The last decade has been one of change. The perception of safety has changed since the beginning of 2000. The financial world both business and personal has changed as well. As historians look back on this decade, they may realize that it was one of change. Changes that affected the average person and changed the Americans handled their money. These changes have helped people leave behind the things that were standing in their way financially.
One major financial change came with the housing bubble and the resulting mortgage crisis. With the lowest mortgage rates in history many people jumped into home ownership before they were ready. The American dream of home ownership and financial freedom was achievable and better yet the low interest rates and adjustable rate mortgages made it possible to purchase bigger homes. Unfortunately this could not last as the mortgages adjusted up people began to lose their homes. This led to a credit crisis and into a recession.
Lesson Learned: Avoid adjustable rate mortgages and only buy what you can truly afford.
As companies moved to offering 401(k) plans over the last few decades, people have begun making retirement planning a higher priority. With the changes in social security with the dates of benefits beginning being pushed back and the amount received being changed people in their twenties have realized that they will need to be responsible for saving to cover the majority of their retirement expenses. The recent fall in the stock market was discouraging as the 401(k) balances dropped, although they have already begun to recover. It emphasized the importance of saving early, and consistently overtime.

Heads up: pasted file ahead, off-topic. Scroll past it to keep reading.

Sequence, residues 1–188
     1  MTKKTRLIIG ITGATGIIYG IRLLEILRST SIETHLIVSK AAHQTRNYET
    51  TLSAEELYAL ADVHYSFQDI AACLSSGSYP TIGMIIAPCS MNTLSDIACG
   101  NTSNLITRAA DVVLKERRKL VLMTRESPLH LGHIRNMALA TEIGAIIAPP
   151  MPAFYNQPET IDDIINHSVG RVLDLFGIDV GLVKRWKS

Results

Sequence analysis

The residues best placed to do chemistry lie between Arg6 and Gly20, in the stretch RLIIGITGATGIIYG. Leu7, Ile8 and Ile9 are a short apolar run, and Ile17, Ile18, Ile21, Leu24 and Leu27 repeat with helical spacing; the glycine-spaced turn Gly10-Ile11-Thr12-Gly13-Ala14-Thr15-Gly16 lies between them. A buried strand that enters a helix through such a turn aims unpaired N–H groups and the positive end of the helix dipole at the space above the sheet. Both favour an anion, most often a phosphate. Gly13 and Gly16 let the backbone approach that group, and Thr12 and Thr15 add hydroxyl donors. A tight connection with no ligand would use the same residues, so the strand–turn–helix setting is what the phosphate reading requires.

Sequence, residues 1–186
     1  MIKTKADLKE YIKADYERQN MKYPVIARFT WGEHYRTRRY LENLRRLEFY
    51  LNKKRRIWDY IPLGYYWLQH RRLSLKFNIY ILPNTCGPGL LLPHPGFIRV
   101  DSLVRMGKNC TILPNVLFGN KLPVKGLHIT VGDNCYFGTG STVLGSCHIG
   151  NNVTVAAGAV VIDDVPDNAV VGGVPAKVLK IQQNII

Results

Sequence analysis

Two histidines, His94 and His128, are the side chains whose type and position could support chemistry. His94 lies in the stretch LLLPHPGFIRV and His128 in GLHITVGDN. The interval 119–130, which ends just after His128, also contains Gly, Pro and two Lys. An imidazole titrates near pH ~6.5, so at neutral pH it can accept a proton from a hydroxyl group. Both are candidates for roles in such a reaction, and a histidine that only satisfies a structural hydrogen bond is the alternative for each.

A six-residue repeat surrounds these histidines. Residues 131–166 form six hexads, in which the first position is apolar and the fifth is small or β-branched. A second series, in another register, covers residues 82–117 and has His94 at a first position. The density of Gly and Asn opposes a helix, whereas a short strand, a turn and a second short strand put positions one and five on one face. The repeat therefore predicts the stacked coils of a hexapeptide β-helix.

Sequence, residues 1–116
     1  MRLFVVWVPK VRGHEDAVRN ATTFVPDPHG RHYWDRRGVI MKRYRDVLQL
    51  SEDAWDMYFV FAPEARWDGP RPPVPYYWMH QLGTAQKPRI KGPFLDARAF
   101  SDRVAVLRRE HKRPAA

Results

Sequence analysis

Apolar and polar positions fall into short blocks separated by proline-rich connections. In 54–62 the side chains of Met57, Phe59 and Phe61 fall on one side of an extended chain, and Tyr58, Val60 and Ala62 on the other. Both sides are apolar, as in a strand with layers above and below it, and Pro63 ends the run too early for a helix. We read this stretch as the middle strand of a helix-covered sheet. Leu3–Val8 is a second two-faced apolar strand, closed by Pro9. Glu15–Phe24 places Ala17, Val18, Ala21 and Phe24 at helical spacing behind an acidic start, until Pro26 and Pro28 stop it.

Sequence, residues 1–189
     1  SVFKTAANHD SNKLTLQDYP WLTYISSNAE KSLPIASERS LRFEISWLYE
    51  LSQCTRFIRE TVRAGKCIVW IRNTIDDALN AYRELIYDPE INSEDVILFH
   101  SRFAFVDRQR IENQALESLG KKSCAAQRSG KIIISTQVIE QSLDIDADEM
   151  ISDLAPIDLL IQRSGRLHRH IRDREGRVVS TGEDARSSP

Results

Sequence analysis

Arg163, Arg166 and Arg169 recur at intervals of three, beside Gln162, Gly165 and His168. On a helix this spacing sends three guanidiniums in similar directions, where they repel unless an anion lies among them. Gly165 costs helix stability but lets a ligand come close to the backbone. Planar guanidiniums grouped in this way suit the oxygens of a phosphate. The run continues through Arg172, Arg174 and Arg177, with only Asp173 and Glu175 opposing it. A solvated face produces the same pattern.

Lesson Learned: Start saving for retirement now, and continue saving each year. Diversify your investments and avoid using single stocks.
3. Credit Crisis Limits Available Credit and Puts the Economy in a Pinch
The credit crisis, which was fueled by the mortgage crisis did away with the low interest rates and the ease of borrowing money of the last decade. Many people struggled when credit cards began raising their interest rates, lowering credit limits and closing accounts. People with home equity loans struggled as well. Businesses ran into similar problems and many had to close as they had problems accessing their money. People who lost jobs do the recession suddenly found themselves struggling to find money to keep up with all the payments they have accumulated.
Lesson Learned: Stop using credit cards. Get out of debt as soon as possible and use cash to make most of your purchases.
The past decade had a negative savings rate, which means Americans spent more than they earned. When the recession hit many people who lost their jobs had a difficult time surviving while out of work because they did not have a financial reserve. Additional stress was caused with higher oil prices that drove up the cost of most consumable goods. With rising prices many Americans began looking for ways to cut back on nonessentials so that they could continue to provide for their families. The recent recession caused many families to focus on saving and investing.
Lesson Learned: Stop spending on nonessential items and begin putting extra money into savings each month. An emergency fund can help ease the stress of looking for a new job.
In the last decade there have been several smaller recessions that have led to job loss. In the last year and a half another round of layoffs swept across the nation and drove up the unemployment rates to the highest that they have been in years. Additionally jobs that are traditionally considered safe such as government jobs have also been eliminated. Most graduates know that they will likely have several different jobs over the course of their careers. They are training for a variety of options and taking advantage of on the job training opportunities that will make them more marketable in the future.
Lesson Learned: It is important to continue to prepare yourself for the job hunt. Keep your resume fresh and ready,